Although medications that suppress acid achieve adequate symptom control for most patients with gastroesophageal reflux (GER) disease, some patients with more severe reflux have a poor response to medication. These patients will often benefit from surgery. In addition, fundoplication is also an effective treatment for many younger patients who do not wish to take tablets for the rest of their lives. The 360° fundoplication that was first described by Nissen remains the most commonly performed anti-GER procedure worldwide. It achieves excellent control of acid reflux although this is at the expense of a small, but nevertheless important, incidence of troublesome postoperative adverse effects.1 To overcome this, technical aspects of this procedure have been progressively modified.
Partial fundoplication has the potential to produce a more physiological gastroesophageal junction and with this fewer adverse effects.1,2 While variants of posterior fundoplication are arguably the more common approach to partial fundoplication, the alternative anterior partial fundoplication procedure has the potential to reduce even further the risk of adverse effects.3 In 1999, the early outcomes of a randomized trial of Nissen vs anterior 180° fundoplication were reported by some of us.3 That study demonstrated the potential for an anterior partial fundoplication to produce adequate GER control and a low rate of postoperative adverse effects. Subsequent longer-term follow-up has confirmed the durability of the anterior 180° fundoplication procedure.4 Nevertheless, even this procedure is followed by a small incidence of troublesome adverse effects.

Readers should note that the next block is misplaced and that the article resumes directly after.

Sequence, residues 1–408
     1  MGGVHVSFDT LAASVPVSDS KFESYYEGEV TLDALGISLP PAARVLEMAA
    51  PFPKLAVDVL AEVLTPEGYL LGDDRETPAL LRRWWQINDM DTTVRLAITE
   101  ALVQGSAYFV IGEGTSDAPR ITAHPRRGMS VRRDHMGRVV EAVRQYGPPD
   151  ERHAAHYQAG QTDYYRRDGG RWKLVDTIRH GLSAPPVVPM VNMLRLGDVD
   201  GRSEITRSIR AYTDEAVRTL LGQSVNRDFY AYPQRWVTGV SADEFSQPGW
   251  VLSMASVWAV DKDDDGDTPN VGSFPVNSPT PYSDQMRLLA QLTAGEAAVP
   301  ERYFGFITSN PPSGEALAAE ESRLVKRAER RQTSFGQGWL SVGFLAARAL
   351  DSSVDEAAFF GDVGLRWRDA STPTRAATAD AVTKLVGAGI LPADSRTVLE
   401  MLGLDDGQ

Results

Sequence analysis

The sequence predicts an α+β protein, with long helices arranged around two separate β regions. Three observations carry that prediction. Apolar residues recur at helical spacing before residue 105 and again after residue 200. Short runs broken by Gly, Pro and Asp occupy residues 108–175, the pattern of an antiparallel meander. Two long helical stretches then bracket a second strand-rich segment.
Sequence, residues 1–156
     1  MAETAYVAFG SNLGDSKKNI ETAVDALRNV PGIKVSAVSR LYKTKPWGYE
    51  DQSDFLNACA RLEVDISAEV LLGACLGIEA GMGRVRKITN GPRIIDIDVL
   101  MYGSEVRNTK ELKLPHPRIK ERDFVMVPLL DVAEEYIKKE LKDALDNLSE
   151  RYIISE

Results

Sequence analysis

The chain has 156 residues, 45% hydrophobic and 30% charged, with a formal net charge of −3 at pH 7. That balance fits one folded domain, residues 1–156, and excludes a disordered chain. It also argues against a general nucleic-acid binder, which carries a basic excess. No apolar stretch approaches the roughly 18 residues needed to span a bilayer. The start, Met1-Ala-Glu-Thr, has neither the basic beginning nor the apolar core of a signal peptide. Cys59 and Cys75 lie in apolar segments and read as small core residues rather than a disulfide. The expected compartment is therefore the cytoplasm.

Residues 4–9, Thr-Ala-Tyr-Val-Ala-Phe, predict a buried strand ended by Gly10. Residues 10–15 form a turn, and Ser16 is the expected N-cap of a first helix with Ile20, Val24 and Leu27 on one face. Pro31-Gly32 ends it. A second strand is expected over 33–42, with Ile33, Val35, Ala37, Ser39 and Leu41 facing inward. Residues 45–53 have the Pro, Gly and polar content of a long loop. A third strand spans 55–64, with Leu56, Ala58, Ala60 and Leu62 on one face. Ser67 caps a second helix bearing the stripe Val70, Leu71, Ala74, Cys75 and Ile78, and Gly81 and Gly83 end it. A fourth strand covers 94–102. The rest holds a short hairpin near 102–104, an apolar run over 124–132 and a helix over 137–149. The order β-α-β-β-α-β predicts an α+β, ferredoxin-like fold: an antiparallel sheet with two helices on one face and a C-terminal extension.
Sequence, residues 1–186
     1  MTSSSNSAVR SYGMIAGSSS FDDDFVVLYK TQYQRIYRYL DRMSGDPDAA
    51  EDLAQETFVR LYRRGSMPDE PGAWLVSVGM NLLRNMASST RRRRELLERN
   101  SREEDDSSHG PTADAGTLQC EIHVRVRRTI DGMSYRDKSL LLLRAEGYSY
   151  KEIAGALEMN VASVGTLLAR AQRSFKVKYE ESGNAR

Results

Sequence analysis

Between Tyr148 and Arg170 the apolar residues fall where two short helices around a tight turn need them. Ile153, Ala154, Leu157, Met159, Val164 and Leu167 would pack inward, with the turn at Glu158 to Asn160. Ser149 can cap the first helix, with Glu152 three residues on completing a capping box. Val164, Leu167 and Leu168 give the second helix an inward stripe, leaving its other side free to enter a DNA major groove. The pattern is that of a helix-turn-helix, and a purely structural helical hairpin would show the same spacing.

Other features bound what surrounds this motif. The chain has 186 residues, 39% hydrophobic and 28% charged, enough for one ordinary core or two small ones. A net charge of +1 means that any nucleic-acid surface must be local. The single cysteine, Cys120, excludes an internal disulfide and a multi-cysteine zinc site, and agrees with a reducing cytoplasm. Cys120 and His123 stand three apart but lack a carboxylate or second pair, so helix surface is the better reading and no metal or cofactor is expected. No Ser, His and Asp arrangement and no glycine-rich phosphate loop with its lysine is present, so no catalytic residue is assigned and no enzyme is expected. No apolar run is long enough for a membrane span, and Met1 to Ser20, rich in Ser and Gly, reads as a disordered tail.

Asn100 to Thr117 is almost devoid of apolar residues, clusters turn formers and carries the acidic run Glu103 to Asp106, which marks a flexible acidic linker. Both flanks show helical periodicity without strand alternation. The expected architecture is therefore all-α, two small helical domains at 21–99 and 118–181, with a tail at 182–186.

This provided impetus for the further refinement of the anterior fundoplication procedure to an anterior 90° partial fundoplication. Previously reported laboratory and clinical studies have confirmed the short-term effectiveness of this approach and its potential to achieve a very low rate of adverse effects.5,6 Before proceeding to wider clinical application, however, we chose to evaluate the new procedure within a multicenter, prospective, randomized, controlled clinical trial to compare the anterior 90° partial fundoplication procedure with a standard approach to Nissen fundoplication.
This multicenter study investigated the hypothesis that laparoscopic anterior 90º partial fundoplication could achieve effective control of GER symptoms, but with fewer adverse effects, compared with laparoscopic Nissen fundoplication. Fifteen surgeons from 9 university teaching hospitals in 6 Australian and New Zealand cities contributed patients to this study, with each surgeon aiming to contribute a quota of 10 patients to the study.